Nomadland is currently streaming on Hulu and is generating some serious Oscar buzz! Written, edited, produced and directed by Chloé Zhao, Nomadland is a “one of a kind” movie that’s worth the watch. It is based on the non-fiction book “Nomadland: Surviving America in the Twenty-First Century” by journalist Jessica Bruder. Reports mark it as one of the best movies of 2020, which is indeed the case as according to these reports this movie has bundled up four nominations into the Golden Globe Awards!
Nomadland is roadtrip movie featuring Frances McDormand in the lead role. Frances plays an elderly widow named Fern, who lost her job during the Great Recession. Fern is all alone as she had lost her husband and has no children. She is seen facing a hard time because of which she decides to sell off most of her possessions in order to buy a white van which she names Vanguard. She then embarks on a journey through the American West in her van, thus leading a nomadic life. As the film progresses, we can see that during her journey she encounters various nomads and has some memorable experiences with them. Her experiences with the nomadic community will let you dig deep into a culture that many people are still unaware of.
It raises awareness on homelessness in America
Poverty and homelessness are issues which have plagued the world over centuries. Being homeless is indeed a painful experience. I feel this film has successfully portrayed the life struggles and hardships faced by nomads and homeless people throughout America. At least the general public can be made aware about the situation of such people, although Fern here seems to prefer the word “houseless” instead of “homeless”.
In my opinion, Nomadland is powerful enough to pack a mighty punch into one’s mind and soul. It showcases the capsizing of the American dream and the approach of the darkest hour. From this movie we can learn about the resilience of the human spirit and understand the way people should persevere at the time of hardships in order to find a way to survive with dignity and grace.
An excellent cinematography
If you take out time and watch Nomadland, you will agree to my viewpoint that this movie indeed showcases some breathtaking sceneries and landscapes as Fern travels through the American West. The cinematography by Joshua James Richards is outstanding as it has successfully captured the beauty of the country’s vast, open and forever-stretching landscapes in detail. In order to enhance the visual appeal, the cinematography mostly comprises of long shots of the horizon which are probably shot during the magical hour of photography.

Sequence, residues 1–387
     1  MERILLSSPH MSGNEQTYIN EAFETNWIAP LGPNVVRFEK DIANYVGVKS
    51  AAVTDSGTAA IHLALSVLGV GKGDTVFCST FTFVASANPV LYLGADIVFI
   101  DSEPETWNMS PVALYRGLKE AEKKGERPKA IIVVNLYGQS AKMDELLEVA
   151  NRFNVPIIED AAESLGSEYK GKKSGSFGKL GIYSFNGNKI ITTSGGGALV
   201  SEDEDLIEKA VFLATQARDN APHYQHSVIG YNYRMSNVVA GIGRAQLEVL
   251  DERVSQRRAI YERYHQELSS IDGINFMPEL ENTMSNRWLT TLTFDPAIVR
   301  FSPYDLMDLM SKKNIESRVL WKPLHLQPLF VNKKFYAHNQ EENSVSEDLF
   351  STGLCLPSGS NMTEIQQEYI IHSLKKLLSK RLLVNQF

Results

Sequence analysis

Way too far from reality!
A point to be noted is that, in Nomadland, McDormand’s character Fern is entirely fictional and has no relevance to Bruder’s book. Nomadland shows that Fern opts for seasonal work at an Amazon warehouse during winters and for the rest of the year she travels and leads a nomadic life. However, interesting as it may seem, this concept is exceptionally unreal! Nomadland portrays such temporary gig work to be a refuge during hard times. However, the harsh reality is that temporary jobs are the hardest ones to find during the time of crisis.
Another core insight that the film misses out is the portrayal of the American economic system. I feel it has not clearly showcased how the system exploits the nomadic people of the country which was been covered in detail in Bruder’s book.
Are there “politics” involved in this movie’s making?
As per reports, the filmmakers have mixed opinions on whether Nomadland is a “politics-involved movie” or not. I personally feel there is some amount of politics involved as this film casts actual nomadic survivors of the Great Recession and overshadows their real-life struggles with a fictional character like Fern.
You may wonder why Zhao didn’t opt to make a straightforward documentary about nomadic life. I feel she has decided to go off the mark and pack together an amazing screenplay using McDormand’s impressive performance and acting skills. If you look at McDormand’s performance in the film you will see how her expressions do most of the talking rather than her dialogues. It’s through her remarkable expressions solely you will come to know what’s going on in her mind and what’s going to happen next.
We have supporting actor David Strathairn who plays the role of a nomad named Dave who befriends Fern. I feel his role is understated in spite of his powerful presence in the film. Apart from this, a very interesting thing about this film is that it casts some real-life nomads like Linda May, Bob Wells and Swankie who play fictionalized versions of themselves. The fact is that like McDormand and Strathairn, these guys are not actually actors! But in my opinion, their outstanding performances in spite of their lack of acting experience are more than enough to keep the audiences captivated.
I personally find Nomadland to be a very leisurely paced movie. The real-life nomads put into this movie at times will make you feel this to be more like a documentary rather than a work of fiction. However, if you are a fiction lover and happen to be patient enough to watch the entire film without hesitation, I can assure that this film will prove to be rewarding to your viewing experience.
- Acting - 8/108/10
- Cinematography - 8.5/108.5/10
- Plot/Screenplay - 8/108/10
- Setting/Theme - 8/108/10
- Buyability - 7/107/10
- Recyclability - 7/107/10